Eyes forward, soldier! The MOD has taken burlesque off the menu for some of its injured troops.
Having survived some of the toughest terrain in the world (ask the Americans or the Russians), twenty-five Afghanistan veterans being treated at Headley Court rehabilitation centre were looking for a night at London Burlesque Festival to see the Crown Jewels: Best Of British event. The tickets were bought by STUBS, a charity which helps the social reintegration of seriously injured soldiers before Headley Court’s Commanding Officer Group Captain Clare Walton intervened and vetoed the outing.
Despite having bought the tickets two months ago, STUBS’ fundraising manager Amanda O’Farrell is now looking for a new home for the £875 worth of tickets she bought. Although demand for tickets for tonight’s sold out show has clearly exceeded supply, London Burlesque Festival were not offering a refund to the charity at the time of printing. O’Farrell is therefore appealing at the last minute to any other groups with links to the Armed Forces to take the tickets.
Walton’s decision has inevitably led to some kneejerk misogyny. “Hopefully, there is someone else sensible above her in the chain of command who will cancel her decision, and then post her to several years of counting blankets in the Falklands, which she would probably enjoy. I suppose ‘elf ‘n safety and PC matters rather more to the cause of feminism in the military,” said one commenter on The Times’ story. Over at the Daily Mail, one commenter asks “Arranged some knitting for the boys, have we ma’am?”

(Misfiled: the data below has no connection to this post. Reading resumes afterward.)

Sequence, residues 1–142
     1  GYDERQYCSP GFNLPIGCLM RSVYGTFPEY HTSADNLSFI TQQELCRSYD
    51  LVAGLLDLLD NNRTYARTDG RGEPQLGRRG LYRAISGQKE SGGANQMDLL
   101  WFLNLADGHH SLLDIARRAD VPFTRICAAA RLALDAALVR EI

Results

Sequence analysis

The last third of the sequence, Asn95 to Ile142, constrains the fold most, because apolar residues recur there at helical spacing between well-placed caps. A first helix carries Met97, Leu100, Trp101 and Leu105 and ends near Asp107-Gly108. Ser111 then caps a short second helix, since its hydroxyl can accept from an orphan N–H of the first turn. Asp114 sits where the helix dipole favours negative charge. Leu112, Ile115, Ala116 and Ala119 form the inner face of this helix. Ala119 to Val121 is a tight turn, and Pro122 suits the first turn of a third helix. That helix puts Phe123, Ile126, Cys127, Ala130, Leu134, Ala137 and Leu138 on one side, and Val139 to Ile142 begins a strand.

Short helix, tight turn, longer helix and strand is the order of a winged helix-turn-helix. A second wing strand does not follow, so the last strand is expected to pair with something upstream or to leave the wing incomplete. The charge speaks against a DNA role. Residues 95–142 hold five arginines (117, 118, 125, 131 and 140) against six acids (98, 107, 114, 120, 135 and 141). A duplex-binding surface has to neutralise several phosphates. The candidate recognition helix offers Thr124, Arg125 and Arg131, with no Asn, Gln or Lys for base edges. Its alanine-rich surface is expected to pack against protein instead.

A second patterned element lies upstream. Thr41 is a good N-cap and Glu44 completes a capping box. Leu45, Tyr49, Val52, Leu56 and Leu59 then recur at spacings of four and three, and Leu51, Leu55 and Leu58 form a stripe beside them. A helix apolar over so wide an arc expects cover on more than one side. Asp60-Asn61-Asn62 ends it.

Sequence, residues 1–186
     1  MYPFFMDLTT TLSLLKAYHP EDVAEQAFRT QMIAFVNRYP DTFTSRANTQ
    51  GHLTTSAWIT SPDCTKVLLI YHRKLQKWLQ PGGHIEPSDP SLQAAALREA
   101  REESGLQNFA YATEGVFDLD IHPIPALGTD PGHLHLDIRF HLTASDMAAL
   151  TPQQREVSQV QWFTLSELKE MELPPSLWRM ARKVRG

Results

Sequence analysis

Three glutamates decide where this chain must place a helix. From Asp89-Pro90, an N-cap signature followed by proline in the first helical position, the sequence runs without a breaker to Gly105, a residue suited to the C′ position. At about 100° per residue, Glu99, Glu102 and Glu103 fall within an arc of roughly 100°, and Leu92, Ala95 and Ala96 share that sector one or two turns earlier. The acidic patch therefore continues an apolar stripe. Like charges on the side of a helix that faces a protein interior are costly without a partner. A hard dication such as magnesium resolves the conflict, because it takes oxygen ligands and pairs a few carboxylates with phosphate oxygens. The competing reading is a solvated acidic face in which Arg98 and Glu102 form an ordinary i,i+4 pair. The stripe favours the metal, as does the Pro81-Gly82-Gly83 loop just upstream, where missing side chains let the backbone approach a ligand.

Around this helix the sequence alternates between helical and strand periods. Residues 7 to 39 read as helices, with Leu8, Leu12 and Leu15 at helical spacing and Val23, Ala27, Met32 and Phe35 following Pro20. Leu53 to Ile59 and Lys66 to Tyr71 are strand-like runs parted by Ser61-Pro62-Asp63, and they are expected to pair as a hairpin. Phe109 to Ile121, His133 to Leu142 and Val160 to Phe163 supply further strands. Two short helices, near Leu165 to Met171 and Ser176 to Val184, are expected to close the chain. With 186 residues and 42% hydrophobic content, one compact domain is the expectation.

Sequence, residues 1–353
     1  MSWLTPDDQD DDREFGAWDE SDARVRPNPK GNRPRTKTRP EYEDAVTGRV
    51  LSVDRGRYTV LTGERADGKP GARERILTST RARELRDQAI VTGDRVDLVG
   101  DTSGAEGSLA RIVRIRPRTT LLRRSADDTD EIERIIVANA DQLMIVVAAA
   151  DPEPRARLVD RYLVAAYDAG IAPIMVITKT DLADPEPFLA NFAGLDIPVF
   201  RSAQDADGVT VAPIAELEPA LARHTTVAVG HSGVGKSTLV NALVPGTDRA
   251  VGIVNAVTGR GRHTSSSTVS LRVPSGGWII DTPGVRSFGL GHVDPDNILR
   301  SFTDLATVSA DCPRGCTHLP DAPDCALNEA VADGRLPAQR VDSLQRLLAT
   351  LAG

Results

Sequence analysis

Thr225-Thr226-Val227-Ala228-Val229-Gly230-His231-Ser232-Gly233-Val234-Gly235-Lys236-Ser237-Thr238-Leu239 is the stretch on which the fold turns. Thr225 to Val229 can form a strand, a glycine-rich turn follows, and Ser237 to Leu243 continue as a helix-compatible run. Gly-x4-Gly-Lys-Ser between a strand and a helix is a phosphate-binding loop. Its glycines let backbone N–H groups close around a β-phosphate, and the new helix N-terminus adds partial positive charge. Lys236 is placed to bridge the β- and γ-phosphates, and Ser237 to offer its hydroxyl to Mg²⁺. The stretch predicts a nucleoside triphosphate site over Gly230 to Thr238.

The story has also exposed a certain level of ignorance over burlesque. One poster on Arsse.com, a forum used by army personnel, feels that his fellow soldiers are not missing out: “Burlesque is shit anyway. It’s just suggestive fat strippers with femme fatale hair does and no bottle doing their best to hide the goods.” A Daily Mail reader calling themselves “Karen” adds “If ever a bit of pornography was appropriate, it is now.”
Burlesque is neither shit nor pornography. Sure, there is titillation and tease but there is so much more. Over the last few decades, it has grown into an industry defined and created by talented women and enjoyed by many other women. The sex ratio at the average show is about even and burlesque is now one of the very few global artforms which has women at every single level. Its burgeoning success is a massive signifier of what can be achieved when women escape traditional roles and become not just performers but managers, producers and venue owners.
Whether feminists like it or not, there can be no argument that burlesque has proved beyond doubt that, within a global entertainment industry dominated by men, lacking a Y chromosome does not mean lacking intelligence, skill, drive, passion or success.
Head over to GeordieBore for his take on the affair.
Donations to STUBS can be made online.
Photo credit: Lisa Thomson from last year’s London Burlesque Festival